The Scouring of the Shire is a strange addition to the Lord of the Rings. It was set up early in the books, but at this point, Saruman was obviously just out for revenge, not caring that he would be thrown out eventually. It is not a loss to get rid of the chapter for the movie, but it is also somewhat satisfying to ordinary people to read it. We get to see some injustice done to the entire land, and have our heroes set it right, bullying the bullies, who don't know how tough hobbits really are.

Still, there is no lasting effect, as Galadriel's seeds and soil restored everything within a single spring. Perhaps the Shire-folk would take less advantage of their lives, and of course we got to see the end of Saruman, but I liked his end in the movie just as much (although it would have been nice to see him turn to mist -apparently that is how the Maiar die or shed their physical forms).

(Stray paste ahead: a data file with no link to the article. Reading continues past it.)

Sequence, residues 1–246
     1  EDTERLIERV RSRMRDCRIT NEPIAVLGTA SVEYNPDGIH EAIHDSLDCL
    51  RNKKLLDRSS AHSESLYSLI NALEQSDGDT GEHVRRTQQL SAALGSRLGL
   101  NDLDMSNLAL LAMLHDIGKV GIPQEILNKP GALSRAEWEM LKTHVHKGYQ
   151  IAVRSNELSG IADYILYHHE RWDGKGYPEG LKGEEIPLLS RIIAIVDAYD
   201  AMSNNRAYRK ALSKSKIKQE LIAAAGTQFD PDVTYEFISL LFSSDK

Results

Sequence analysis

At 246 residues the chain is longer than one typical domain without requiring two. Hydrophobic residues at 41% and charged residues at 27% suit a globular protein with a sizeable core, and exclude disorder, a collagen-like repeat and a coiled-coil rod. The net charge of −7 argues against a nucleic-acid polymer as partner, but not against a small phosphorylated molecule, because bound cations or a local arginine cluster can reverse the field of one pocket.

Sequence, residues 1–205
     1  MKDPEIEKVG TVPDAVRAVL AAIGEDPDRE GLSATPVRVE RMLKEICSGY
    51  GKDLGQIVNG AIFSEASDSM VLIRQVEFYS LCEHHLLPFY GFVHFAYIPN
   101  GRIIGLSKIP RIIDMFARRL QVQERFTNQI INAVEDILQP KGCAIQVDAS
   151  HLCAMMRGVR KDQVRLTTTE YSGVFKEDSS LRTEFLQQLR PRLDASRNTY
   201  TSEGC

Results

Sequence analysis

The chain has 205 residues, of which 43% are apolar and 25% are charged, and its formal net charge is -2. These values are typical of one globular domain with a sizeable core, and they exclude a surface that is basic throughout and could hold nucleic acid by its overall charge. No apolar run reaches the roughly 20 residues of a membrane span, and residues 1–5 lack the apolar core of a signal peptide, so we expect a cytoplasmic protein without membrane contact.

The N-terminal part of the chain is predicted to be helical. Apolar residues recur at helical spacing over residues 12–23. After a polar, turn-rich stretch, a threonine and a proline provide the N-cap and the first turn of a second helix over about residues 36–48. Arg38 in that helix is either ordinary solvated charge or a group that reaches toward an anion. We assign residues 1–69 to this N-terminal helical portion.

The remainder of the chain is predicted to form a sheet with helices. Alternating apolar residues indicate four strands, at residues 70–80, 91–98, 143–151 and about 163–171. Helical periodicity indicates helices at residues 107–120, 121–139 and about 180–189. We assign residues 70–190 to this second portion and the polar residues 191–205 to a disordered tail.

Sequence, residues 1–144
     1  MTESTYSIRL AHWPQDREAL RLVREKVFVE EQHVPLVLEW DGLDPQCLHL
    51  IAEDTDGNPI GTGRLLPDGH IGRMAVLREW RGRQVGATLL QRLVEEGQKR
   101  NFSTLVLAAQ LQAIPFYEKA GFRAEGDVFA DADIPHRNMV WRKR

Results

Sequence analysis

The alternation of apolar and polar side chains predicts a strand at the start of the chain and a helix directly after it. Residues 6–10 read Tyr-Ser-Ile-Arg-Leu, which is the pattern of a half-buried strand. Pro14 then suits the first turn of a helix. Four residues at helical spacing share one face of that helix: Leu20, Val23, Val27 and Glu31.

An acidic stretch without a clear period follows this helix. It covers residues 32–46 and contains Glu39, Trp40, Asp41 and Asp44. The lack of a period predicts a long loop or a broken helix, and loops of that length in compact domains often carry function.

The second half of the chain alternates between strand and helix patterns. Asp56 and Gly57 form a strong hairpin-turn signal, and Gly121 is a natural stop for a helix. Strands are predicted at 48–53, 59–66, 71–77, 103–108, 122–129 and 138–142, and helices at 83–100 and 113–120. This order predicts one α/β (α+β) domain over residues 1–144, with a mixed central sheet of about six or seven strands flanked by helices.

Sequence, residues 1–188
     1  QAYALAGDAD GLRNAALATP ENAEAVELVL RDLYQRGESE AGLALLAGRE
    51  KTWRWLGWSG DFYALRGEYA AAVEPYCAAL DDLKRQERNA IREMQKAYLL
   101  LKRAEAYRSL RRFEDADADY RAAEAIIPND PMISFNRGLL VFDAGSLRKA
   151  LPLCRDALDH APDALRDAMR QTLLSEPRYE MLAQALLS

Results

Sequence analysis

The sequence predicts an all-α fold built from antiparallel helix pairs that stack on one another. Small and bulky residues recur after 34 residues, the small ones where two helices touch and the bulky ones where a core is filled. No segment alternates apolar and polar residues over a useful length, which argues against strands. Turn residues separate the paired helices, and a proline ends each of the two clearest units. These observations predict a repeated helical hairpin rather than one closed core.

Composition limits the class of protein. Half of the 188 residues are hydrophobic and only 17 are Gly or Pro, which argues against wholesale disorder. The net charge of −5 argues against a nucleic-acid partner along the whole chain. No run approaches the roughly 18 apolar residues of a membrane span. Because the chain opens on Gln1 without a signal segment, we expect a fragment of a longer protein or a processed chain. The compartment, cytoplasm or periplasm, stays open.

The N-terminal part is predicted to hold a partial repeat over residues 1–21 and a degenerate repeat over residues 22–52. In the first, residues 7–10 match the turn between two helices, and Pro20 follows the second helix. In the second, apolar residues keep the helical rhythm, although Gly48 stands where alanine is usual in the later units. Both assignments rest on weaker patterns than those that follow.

The Returns of the King is a very exciting and interesting conclusion to the Lord of the Rings, although it is a little too long once the objective has been completed. It is a huge addition to the saga of Middle-Earth, giving us so much more to the world than already existed from the first two books. Truly a must-read book.


-- 2nd reading (paperback)
August 29th to September 3rd, 1993 (and also sometime in 1985)


No review available.